This document is dated July 7, 2011, and is first being mailed to the shareholders of Duke Energy and Progress Energy on or about July 11, 2011.

 

 

 


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LOGO

DUKE ENERGY CORPORATION

NOTICE OF SPECIAL MEETING OF SHAREHOLDERS

TO BE HELD ON AUGUST 23, 2011

To the Shareholders of Duke Energy Corporation:

We will hold a special meeting of the shareholders of Duke Energy Corporation on August 23, 2011 at 10:00 a.m., Eastern time, in the O.J. Miller Auditorium in the Energy Center located at 526 South Church Street in Charlotte, North Carolina 28202, to consider and vote upon:

 

  (i) a proposal to approve the amendment of the amended and restated certificate of incorporation of Duke Energy Corporation to provide for a 1-for-3 reverse stock split with respect to the issued and outstanding Duke Energy common stock in connection with the merger contemplated by the Agreement and Plan of Merger, dated as of January 8, 2011, by and among Duke Energy Corporation, Diamond Acquisition Corporation, a wholly-owned subsidiary of Duke Energy Corporation, and Progress Energy, Inc., a copy of which is included as Annex A to the joint proxy statement/prospectus attached to this notice, as such agreement may be amended from time to time and which we refer to as the merger agreement, subject to the Duke Energy board of directors’ authority to not complete such amendment if the merger agreement is terminated or the merger is otherwise abandoned (we refer to this proposal as the “reverse stock split proposal”);

 

  (ii) a proposal to approve the issuance of Duke Energy common stock, par value $0.001 per share, to Progress Energy, Inc. shareholders in connection with the merger contemplated by the merger agreement (we refer to this proposal as the “share issuance proposal”); and

 

  (iii) a proposal to adjourn the special meeting of the shareholders of Duke Energy, if necessary, to solicit additional proxies if there are not sufficient votes to approve either of the proposals above (we refer to this proposal as the “Duke Energy adjournment proposal”).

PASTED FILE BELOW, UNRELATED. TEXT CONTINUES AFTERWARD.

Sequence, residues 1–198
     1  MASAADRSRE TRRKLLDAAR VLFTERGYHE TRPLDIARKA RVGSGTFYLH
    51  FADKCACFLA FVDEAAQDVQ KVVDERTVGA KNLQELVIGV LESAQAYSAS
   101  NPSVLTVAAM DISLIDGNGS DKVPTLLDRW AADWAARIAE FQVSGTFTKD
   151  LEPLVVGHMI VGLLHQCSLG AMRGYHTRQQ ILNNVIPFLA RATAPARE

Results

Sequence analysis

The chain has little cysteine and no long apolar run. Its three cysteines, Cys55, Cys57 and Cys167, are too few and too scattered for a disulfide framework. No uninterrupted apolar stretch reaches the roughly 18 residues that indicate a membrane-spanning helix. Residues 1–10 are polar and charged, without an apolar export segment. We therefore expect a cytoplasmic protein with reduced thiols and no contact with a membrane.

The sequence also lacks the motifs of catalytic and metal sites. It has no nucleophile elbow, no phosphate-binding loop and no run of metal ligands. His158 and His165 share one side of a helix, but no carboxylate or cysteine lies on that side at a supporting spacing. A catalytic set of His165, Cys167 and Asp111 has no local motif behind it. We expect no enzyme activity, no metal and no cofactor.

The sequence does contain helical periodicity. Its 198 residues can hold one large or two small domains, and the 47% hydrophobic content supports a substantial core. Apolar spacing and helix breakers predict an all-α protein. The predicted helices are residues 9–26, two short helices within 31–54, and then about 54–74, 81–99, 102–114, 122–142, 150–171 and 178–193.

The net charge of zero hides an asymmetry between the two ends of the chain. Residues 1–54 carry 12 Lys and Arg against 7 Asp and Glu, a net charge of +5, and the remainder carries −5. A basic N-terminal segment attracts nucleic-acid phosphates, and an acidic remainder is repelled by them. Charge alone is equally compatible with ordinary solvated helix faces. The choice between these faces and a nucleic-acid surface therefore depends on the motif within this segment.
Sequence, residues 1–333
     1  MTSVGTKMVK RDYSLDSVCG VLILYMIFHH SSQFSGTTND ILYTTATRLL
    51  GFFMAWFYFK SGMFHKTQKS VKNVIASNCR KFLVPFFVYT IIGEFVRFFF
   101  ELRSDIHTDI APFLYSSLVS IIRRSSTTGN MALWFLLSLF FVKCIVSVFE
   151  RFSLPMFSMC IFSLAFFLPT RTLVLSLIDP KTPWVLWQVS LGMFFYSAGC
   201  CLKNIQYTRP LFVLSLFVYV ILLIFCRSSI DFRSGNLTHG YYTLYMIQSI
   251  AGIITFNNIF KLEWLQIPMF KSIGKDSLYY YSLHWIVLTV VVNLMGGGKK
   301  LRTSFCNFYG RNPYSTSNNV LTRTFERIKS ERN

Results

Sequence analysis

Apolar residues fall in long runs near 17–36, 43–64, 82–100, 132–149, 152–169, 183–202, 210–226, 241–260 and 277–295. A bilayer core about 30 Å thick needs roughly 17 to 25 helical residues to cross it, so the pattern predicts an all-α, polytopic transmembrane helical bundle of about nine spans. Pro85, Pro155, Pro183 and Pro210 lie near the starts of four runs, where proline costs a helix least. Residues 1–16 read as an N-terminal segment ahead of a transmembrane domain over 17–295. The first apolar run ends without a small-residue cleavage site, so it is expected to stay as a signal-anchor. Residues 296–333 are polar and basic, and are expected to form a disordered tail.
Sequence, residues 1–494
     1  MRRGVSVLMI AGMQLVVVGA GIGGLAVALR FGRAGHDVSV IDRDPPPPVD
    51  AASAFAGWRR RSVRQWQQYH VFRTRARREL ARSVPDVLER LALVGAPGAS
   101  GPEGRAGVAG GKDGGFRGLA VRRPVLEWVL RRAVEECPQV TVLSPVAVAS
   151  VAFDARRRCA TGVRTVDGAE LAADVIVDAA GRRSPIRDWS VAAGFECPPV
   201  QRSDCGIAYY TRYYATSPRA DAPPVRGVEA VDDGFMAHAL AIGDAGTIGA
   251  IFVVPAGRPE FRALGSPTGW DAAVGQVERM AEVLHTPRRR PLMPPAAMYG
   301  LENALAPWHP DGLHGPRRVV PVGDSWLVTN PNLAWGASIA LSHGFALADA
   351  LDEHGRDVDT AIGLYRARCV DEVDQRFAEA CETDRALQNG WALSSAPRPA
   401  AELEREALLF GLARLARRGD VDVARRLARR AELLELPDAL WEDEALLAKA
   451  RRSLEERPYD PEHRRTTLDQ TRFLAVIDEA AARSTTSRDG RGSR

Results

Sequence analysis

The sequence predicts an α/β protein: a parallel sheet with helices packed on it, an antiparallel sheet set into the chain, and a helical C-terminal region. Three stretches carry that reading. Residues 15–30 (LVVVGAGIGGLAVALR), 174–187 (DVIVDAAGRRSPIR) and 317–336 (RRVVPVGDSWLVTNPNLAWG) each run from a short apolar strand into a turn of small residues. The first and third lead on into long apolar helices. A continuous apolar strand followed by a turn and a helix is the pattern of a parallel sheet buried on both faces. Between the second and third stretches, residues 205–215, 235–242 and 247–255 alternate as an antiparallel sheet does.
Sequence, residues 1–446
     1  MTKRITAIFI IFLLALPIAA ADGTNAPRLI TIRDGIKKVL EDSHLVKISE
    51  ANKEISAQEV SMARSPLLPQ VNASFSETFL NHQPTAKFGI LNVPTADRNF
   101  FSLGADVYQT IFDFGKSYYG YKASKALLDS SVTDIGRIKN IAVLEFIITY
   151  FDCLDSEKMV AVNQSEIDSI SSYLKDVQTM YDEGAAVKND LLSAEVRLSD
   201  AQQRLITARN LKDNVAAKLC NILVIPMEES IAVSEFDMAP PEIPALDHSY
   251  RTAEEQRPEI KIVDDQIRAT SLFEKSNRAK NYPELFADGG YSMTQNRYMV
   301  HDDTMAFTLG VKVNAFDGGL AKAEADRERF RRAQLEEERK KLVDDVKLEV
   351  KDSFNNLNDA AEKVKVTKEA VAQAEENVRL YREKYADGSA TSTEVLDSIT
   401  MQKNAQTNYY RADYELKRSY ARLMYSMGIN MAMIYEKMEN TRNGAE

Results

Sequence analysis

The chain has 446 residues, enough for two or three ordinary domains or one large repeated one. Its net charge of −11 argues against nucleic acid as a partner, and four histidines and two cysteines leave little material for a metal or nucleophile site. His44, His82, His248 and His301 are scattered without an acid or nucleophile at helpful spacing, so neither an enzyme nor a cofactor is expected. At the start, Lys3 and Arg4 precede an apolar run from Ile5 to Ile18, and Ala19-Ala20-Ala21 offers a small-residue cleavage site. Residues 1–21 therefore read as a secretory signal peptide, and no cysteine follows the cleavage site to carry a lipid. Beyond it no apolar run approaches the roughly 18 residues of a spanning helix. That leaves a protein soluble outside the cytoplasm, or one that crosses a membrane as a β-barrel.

If Duke Energy and Progress Energy do not complete the merger, Duke Energy will not amend its amended and restated certificate of incorporation to effect the reverse stock split contemplated by the reverse stock split proposal, notwithstanding that Duke Energy’s shareholders may have previously approved the reverse stock split proposal. Please refer to the attached joint proxy statement/prospectus and the merger agreement for further information with respect to the business to be transacted at the special meeting of Duke Energy shareholders. We expect to transact no other business at the special meeting, except for business properly brought before the special meeting.

Only holders of record of shares of Duke Energy common stock at the close of business on July 5, 2011, the record date for the special meeting, are entitled to notice of, and to vote at, the special meeting and any adjournments or postponements of the special meeting. A list of these shareholders will be available for inspection by any Duke Energy shareholder, for any purpose germane to the Duke Energy special meeting, at such meeting.

We cannot complete the merger described in the joint proxy statement/prospectus unless (i) holders of at least a majority of all shares of Duke Energy common stock outstanding on the record date for the Duke Energy special meeting vote in favor of the reverse stock split proposal and (ii) holders of at least a majority of the shares of Duke Energy common stock voting on the share issuance proposal approve the proposal, provided that the total votes cast on the proposal (including abstentions) must represent a majority of the shares of Duke Energy common stock outstanding on the record date for the Duke Energy special meeting.


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The Duke Energy board of directors unanimously recommends that the Duke Energy shareholders vote “FOR” the reverse stock split proposal, the share issuance proposal and the Duke Energy adjournment proposal. For a discussion of interests of Duke Energy’s directors and executive officers in the merger that may be different from, or in addition to, the interests of Duke Energy’s shareholders generally, see disclosure included in the joint proxy/statement prospectus attached to this notice under the heading “The Merger—Interests of Directors and Executive Officers in the Merger—Interests of Directors and Executive Officers of Duke Energy in the Merger.” Whether or not you expect to attend the Duke Energy special meeting in person, please vote your shares as promptly as possible by (1) accessing the Internet website specified on your proxy card, (2) calling the toll-free number specified on your proxy card or (3) signing all proxy cards that you receive and returning them in the postage-paid envelopes provided, so that your shares may be represented and voted at the Duke Energy special meeting. If your shares are held in the name of a bank, broker or other fiduciary, please follow the instructions on the voting instruction form furnished by the record holder.